SUPERFICIAL HEAT

Superficial heating modalities can be very beneficial in some chronic pain situations. Superficial heat, however, will not heat deep tissues such as muscles, because of the subcutaneous layer of fat beneath the surface of the skin which acts as a thermal insulator and inhibits heat transfer into tissues. There are deep heating modalities such as ultrasound and shortwave diathermy, but we will not be talking about those since they generally need to be provided by a physical therapist or occupational therapist in a clinical setting. We are focusing on self-help treatment for chronic pain problems at this time.

Superficial heat does have effects on underlying tissues, however. It does cause increased blood flow, but in addition it causes relaxation of underlying muscles. Its effect on reducing pain is largely a "covering up effect," in that while the heat is being applied, the pain signals are less perceptible because of the sensory overload caused by the heat. In other words, the heat causes a "gating effect" in that it fills up sensory nerve channels with heat stimulation and does not allow the pain signals to get through as readily. That means that your awareness is of the heat instead of the pain. This, of course, is good and heat can be soothing because of this, but it does not have the same effects as cold therapy, in general, when treating muscular pain problems. The cold therapy is much more effective once one has become acclimated to the initial cold sensation.

It should be noted that superficial heat and other heating modalities can exacerbate inflammation and swelling, so as a general rule, as a practitioner, I do not prescribe superficial or deep heat where there is significant swelling or inflammation. This would of course include any acute injury where clearly swelling and inflammation would be the result of the injury. One would use cold therapy, at least, for the first 72 hours after an acute tissue injury.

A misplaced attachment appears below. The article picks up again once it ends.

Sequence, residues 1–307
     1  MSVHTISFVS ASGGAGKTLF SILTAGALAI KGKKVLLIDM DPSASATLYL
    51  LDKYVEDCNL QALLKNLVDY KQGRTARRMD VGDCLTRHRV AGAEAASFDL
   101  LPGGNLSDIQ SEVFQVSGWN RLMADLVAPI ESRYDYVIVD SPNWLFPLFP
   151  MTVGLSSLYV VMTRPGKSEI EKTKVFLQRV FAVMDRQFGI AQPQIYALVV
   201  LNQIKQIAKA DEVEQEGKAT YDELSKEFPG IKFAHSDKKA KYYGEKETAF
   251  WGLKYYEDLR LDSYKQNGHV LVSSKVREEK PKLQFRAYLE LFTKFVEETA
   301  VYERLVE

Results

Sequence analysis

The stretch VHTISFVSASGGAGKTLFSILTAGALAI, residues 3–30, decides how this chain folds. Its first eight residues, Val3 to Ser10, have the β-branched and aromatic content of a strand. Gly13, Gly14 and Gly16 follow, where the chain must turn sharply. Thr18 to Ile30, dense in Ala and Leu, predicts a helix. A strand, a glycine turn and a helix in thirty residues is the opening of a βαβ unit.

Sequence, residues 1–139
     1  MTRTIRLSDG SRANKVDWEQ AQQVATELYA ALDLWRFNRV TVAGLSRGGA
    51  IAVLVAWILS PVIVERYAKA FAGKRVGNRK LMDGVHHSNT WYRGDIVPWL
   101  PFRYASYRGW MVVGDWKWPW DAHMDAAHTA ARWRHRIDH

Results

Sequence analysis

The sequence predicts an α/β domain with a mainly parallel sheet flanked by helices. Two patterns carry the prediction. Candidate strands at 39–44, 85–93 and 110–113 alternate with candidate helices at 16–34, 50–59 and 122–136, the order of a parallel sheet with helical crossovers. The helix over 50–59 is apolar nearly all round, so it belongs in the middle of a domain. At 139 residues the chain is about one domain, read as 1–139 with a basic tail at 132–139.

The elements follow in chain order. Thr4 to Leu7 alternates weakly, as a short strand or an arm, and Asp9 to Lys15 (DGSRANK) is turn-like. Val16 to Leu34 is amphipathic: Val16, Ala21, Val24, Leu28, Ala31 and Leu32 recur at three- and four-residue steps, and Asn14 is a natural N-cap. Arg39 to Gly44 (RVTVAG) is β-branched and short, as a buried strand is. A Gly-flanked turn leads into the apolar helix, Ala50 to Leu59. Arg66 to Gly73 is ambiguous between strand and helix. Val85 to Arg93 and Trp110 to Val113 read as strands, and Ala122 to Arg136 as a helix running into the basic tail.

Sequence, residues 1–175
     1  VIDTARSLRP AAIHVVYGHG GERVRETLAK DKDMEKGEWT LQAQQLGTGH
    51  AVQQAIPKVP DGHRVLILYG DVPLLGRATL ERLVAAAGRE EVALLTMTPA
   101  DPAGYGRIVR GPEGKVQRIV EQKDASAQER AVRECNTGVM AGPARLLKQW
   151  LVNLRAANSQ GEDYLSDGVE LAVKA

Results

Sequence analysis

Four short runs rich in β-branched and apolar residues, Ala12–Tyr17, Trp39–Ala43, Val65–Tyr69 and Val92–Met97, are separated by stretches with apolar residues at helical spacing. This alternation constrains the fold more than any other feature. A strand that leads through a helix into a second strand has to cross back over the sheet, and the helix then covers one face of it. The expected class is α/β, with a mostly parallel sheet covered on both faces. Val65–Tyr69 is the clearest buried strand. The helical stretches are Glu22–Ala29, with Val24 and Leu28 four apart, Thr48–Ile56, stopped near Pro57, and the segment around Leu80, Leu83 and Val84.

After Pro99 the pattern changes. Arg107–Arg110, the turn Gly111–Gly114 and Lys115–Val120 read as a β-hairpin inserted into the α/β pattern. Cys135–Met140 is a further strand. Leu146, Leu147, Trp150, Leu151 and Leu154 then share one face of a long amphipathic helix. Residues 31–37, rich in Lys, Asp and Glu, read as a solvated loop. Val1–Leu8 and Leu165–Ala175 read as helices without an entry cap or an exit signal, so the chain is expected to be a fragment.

There are a number of modalities or methods that one can use to apply superficial heat. Hot packs or hydrocolator packs are generally heated in a hot water tank and then applied to the skin over several layers of towels for 20 to 30 minutes at a time. Electric heating pads can also be used, but they can be dangerous. If they are used excessively, they can cause burns and should be used with great caution. The other danger with electric heating pads, of course, is the danger of electrical shock and one should never use an electric heating pad when trying to go to sleep. The healing pad may produce enough analgesia, or covering up of the pain, that burns can be produced without the person's knowledge until it is too late.
In general, I do not prescribe heat therapy nearly as often as cold therapy. I find cold therapy to be much more effective even in situations where most others seem to prefer heat therapy. Cold therapy tends to penetrate tissue better and has had clearly a better effect on treating muscular pain syndromes, such as myofascial pain syndrome or fibromyalgia.

Other methods of providing superficial heat therapy include hydrotherapy, that is, a tub of hot water which, of course, can be very relaxing, paraffin baths and fluidotherapy.

Now there are chemical heat packs available that one can activate simply and utilize, some of which can be used repeatedly.

One simple method of providing moist heat is to fold a damp towel and heat it up in a microwave oven and utilize this. Of course, one needs to be very careful about the possibility of burns.

In any case, be very careful in your use of superficial heat.